Wildlife Surveying Project Scoops Marsh Award
Volunteers from Chilterns-based, Tracking the Impact – a project that helps local people improve their knowledge of local birds, plants and butterflies – were delighted to receive the prestigious Marsh Award for Local Ornithology. Organised by the British Trust for Ornithology (BTO), the awards celebrated the outstanding work of conservation scientists and volunteers in an annual awards ceremony held recently at the Society of Wildlife Artists (SWLA) Natural Eye exhibition at London’s Mall Galleries.
The ‘Tracking the Impact’ project provides training on bird, butterfly and plant identification – as well as survey methodology to volunteers developing their knowledge and enthusiasm to improve scientific understanding of the area. To date, over 125 volunteers have been carrying out regular surveys across the Chilterns gathering data that helps track the population trends of local birds, butterflies and plants on a landscape scale.
Tracking the Impact Project organiser, Nick Marriner from the Chilterns Conservation Board said: ‘We are honoured to be nominated for, and to win this award, which reflects the collective energy, enthusiasm and passion of our volunteer team supporting wildlife in the Chilterns. They should all be very proud, and I would like to extend my thanks for all their support in getting the project off of the ground. We hope the project will act as a template for other local landscape scale projects and helping to better understand local wildlife trends, complement and add value to national data sets, support a new generation of wildlife recorders and connect more people to their local landscape. On behalf of our team of volunteers I am immensely proud to receive the award on their behalf and join the long list of exciting previous winners. Thanks again to BTO for nominating us.’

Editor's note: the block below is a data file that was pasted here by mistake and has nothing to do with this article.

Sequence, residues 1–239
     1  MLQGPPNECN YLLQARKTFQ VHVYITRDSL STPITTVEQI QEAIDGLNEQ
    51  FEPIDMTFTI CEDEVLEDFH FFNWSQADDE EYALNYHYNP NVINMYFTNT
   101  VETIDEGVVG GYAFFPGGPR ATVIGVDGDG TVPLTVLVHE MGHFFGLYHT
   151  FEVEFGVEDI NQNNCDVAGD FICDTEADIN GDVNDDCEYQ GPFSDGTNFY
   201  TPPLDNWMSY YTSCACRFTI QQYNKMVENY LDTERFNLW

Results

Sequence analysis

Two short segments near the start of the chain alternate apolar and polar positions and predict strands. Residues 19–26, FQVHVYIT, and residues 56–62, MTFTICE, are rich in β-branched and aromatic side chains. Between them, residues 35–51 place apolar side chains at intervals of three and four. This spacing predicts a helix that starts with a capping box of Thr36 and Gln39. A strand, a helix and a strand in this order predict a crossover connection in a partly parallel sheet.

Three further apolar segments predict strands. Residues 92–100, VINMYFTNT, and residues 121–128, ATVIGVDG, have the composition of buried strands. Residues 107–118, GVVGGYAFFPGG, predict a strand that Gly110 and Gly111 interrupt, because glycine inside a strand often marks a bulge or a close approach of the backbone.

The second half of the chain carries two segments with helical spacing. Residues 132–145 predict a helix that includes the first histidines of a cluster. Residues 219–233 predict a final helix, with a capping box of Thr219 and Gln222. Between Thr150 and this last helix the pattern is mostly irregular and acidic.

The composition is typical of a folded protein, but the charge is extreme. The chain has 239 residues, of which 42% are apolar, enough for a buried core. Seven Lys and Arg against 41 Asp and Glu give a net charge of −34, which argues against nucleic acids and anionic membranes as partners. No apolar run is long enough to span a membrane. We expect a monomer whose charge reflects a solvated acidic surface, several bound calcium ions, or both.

The Chilterns Conservation Board led the project design, secured the funding from the National Lottery Heritage Fund, and led the delivery in partnership with BBOWT, Buckinghamshire and Milton Keynes Environmental Records Centre, Butterfly Conservation, Plantlife and the UK Centre for Ecology and Hydrology.
The project is encouraging more people to get involved and there is a wide range of opportunities available, regardless of your levels of experience or the time you have available. You might be an experienced bird watcher or simply a nature or wildlife enthusiast who wants to learn more about Chilterns wildlife and plant life. Volunteers can benefit from free species ID training from local experts, and support with survey methods and data entry. To find out more about the project and how to get involved, visit www.chilternsaonb.org/tracking-the-impact.